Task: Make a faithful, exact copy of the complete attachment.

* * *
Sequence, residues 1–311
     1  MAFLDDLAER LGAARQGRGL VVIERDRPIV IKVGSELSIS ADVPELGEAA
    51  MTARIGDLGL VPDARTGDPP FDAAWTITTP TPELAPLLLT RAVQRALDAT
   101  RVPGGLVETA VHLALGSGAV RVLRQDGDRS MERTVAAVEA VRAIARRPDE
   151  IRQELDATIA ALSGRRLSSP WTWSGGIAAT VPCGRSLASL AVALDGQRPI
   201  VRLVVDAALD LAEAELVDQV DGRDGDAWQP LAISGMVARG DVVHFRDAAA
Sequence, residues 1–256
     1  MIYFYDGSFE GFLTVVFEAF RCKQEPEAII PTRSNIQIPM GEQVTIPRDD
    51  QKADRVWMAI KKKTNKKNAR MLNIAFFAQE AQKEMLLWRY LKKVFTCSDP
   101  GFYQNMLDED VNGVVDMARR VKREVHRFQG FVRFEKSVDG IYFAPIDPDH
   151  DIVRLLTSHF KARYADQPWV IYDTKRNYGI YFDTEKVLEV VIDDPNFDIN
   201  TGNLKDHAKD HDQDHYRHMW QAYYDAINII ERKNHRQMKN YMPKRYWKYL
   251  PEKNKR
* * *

Sequence, residues 1–311
     1  MAFLDDLAER LGAARQGRGL VVIERDRPIV IKVGSELSIS ADVPELGEAA
    51  MTARIGDLGL VPDARTGDPP FDAAWTITTP TPELAPLLLT RAVQRALDAT
   101  RVPGGLVETA VHLALGSGAV RVLRQDGDRS MERTVAAVEA VRAIARRPDE
   151  IRQELDATIA ALSGRRLSSP WTWSGGIAAT VPCGRSLASL AVALDGQRPI
   201  VRLVVDAALD LAEAELVDQV DGRDGDAWQP LAISGMVARG DVVHFRDAAA
Sequence, residues 1–256
     1  MIYFYDGSFE GFLTVVFEAF RCKQEPEAII PTRSNIQIPM GEQVTIPRDD
    51  QKADRVWMAI KKKTNKKNAR MLNIAFFAQE AQKEMLLWRY LKKVFTCSDP
   101  GFYQNMLDED VNGVVDMARR VKREVHRFQG FVRFEKSVDG IYFAPIDPDH
   151  DIVRLLTSHF KARYADQPWV IYDTKRNYGI YFDTEKVLEV VIDDPNFDIN
   201  TGNLKDHAKD HDQDHYRHMW QAYYDAINII ERKNHRQMKN YMPKRYWKYL
   251  PEKNKR